Over at the BBC is an article which claims half a million elderly people are suffering some form of abuse in the UK. An extract:
Paul Cann, director of policy at Help the Aged, said: "These figures signal a frightening 'Not in my back yard' public attitude, fuelling existing myths that abuse of older people is largely carried out in professional settings, or by primary carers and never close to home.
"We know this simply isn't the case. Elder abuse can happen anywhere and by anyone, and is more likely to occur within the family home, by someone in a position of trust.
"If more people understood what elder abuse is and its impact on those affected, instead of treating it as a taboo, we'd be one step closer to tackling this national scandal."
This follows on from last weeks post on the gagging of babies in institutional care. As long as the population is getting healthier, with improvements in medical science, the aging population is going to increase and seemingly with it, the number of abused OAPs. Although not a laughing matter, I have started reading 'This Thing of Darkness' by the late Harry Thompson (who created the series Monkey Dust). It is a novel based on the life of the captain of the Beagle - the ship that Darwin sailed on, and where he formulated his ideas on evolution. Here is a brief extract, where Captain FitzRoy is discussing the absence of old people with some natives that he has picked up on his journey:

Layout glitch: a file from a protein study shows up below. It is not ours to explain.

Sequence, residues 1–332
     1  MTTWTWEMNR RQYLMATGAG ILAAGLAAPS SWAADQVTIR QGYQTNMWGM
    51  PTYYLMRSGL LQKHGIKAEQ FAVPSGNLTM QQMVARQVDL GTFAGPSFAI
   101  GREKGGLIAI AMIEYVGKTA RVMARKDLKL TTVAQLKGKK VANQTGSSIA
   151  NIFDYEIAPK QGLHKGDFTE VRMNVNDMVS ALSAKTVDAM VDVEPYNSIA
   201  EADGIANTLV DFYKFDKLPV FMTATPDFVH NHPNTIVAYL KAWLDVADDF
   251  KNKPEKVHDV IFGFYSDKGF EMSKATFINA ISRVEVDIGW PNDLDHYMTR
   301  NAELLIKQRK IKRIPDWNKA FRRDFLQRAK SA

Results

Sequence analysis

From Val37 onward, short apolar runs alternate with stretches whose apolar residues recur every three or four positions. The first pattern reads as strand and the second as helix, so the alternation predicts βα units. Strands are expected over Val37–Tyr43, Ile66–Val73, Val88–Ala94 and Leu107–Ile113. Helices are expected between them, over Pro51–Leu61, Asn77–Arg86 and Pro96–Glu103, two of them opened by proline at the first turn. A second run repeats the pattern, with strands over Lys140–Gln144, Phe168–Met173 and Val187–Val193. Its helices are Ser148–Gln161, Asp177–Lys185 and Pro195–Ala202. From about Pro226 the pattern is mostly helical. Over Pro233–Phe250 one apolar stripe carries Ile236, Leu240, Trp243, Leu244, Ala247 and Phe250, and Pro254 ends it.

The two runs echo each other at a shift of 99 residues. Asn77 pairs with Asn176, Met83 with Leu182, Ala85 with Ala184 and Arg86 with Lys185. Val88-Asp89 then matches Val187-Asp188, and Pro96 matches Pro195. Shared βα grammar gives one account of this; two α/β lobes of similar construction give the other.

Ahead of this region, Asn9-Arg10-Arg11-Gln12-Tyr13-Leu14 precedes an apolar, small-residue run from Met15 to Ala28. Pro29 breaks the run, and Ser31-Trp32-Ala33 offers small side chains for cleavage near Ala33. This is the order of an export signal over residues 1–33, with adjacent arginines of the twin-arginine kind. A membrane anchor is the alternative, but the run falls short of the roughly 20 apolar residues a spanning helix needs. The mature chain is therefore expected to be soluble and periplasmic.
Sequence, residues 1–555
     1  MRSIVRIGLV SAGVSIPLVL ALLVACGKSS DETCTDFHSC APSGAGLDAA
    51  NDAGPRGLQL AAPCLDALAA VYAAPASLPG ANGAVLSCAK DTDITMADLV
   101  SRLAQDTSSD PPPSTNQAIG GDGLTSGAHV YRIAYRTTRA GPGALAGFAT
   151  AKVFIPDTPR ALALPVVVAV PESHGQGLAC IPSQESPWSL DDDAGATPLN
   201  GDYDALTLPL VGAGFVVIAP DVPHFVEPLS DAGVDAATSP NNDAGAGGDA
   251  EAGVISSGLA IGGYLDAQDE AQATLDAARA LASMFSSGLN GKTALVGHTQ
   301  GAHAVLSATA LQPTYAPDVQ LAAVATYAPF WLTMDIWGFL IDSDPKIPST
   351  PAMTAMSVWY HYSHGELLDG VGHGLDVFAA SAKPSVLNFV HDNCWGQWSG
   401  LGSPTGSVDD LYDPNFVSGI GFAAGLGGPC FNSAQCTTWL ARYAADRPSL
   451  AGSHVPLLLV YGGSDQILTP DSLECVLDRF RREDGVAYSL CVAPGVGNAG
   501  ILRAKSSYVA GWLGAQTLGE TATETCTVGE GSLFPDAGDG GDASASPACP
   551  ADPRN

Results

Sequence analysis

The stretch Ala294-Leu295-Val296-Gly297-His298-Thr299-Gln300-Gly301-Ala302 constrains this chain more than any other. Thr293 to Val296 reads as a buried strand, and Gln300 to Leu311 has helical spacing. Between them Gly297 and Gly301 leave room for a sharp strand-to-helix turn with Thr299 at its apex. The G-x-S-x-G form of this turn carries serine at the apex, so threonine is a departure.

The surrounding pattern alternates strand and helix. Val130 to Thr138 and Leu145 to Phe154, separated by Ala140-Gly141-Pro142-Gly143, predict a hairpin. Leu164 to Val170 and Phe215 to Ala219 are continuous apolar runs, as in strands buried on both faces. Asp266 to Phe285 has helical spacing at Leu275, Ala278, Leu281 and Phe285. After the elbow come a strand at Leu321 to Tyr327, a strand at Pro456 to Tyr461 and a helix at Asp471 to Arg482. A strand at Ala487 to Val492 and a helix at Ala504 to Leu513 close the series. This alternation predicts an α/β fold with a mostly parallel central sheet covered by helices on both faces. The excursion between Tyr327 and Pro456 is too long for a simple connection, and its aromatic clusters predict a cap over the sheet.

'There is something that I have been meaning to ask you, Boat. You speak of old people. But I saw no old people in Tierra del Fuego. No grey-haired men or women.' 'There are old people in my country, Capp'en sir.' Boat looked unhappy. 'But not many. I saw none in a year and a half.' 'You did not look for them well, Capp'en Fitz'oy.' There was something wrong now, FitzRoy could tell. Boat Memory was staring fixedly into the emerald depths of his soup bowl. Jemmy, immune to the gathering crisis, chattered on obliviously. 'Sometimes my people very hungry, in winter. No food!' He gesticulated eagerly, rubbing his pot belly to indicate the unimaginable awfulness of not being able to fill it. 'Then we eat old people. Put head in smoke, they die quick. Women eat arms, men eat legs. Leave rest. Sometimes old people run away. Sometimes we catch, bring back. Sometimes no find, die in woods.' Fuegia giggled. FitzRoy became aware that Bennet had dropped his spoon, his ruddy countenance frozen in horror. A single virulent green rivulet was making its way purposefully down the starched white of his napkin. FitzRoy felt his gut seize and tighten at the revelation he had unleashed, but he ploughed on with grim anthropological fascination: 'But Jemmy, you have dogs. If your people are starving -hungry- do you not eat the dogs first?' 'Oh no Capp'en Fitz'oy!' laughed Jemmy. 'Doggies catch otters! Old women no!'
So at least our elderly are in a slightly better position. However since most of us probably hope to live to a ripe old age (having worked and paid taxes most of our lives) it is sad that we may not prevent ourselves being abused or even cannibalised, by the generations following behind us. This is quickly becoming my second favourite phrase but, you have been warned!Go Top